That is the implication of a new study which shows for the first time that there is a broad range of differences in people's visual ability and that these...
Computer Tomography (CT) is a standard procedure in hospitals, but so far, the technology has not been suitable for imaging extremely small objects. In PNAS, a team from the Technical University of Munich (TUM) describes a Nano-CT device that creates three-dimensional x-ray images at resolutions up to 100 nanometers. The first test application: Together with colleagues from the University of Kassel and Helmholtz-Zentrum Geesthacht the researchers analyzed the locomotory system of a velvet worm.
During a CT analysis, the object under investigation is x-rayed and a detector measures the respective amount of radiation absorbed from various angles....
The quantum world is fragile; error correction codes are needed to protect the information stored in a quantum object from the deteriorating effects of noise. Quantum physicists in Innsbruck have developed a protocol to pass quantum information between differently encoded building blocks of a future quantum computer, such as processors and memories. Scientists may use this protocol in the future to build a data bus for quantum computers. The researchers have published their work in the journal Nature Communications.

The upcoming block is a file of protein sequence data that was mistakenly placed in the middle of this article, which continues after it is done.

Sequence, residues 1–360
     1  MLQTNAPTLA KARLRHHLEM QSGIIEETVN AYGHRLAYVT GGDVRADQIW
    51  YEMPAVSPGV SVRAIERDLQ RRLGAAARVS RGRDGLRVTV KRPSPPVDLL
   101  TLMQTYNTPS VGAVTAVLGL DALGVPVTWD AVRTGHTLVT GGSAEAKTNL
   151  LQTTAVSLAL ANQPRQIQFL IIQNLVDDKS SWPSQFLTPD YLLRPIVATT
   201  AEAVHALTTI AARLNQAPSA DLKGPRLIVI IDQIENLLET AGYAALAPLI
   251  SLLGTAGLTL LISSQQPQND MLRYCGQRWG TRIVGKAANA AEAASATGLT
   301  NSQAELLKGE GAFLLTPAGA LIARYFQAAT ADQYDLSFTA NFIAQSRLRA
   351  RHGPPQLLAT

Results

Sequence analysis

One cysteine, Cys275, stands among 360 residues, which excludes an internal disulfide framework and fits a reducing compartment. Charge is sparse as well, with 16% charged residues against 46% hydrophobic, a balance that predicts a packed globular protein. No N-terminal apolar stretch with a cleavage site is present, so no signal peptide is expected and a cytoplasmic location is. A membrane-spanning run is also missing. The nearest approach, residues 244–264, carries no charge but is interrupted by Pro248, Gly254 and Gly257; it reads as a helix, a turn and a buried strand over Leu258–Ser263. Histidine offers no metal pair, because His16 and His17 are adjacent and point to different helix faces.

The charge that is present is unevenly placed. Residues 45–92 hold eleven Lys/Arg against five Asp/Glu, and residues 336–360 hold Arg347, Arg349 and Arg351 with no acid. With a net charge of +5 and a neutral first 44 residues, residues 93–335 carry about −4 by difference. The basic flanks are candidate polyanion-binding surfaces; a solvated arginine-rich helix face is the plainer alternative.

Future quantum computers will be able to solve problems where conventional computers fail today. We are still far away from any large-scale implementation,...
15.11.2017 | Event News
15.11.2017 | Event News
30.10.2017 | Event News
21.11.2017 | Physics and Astronomy
21.11.2017 | Physics and Astronomy
21.11.2017 | Life Sciences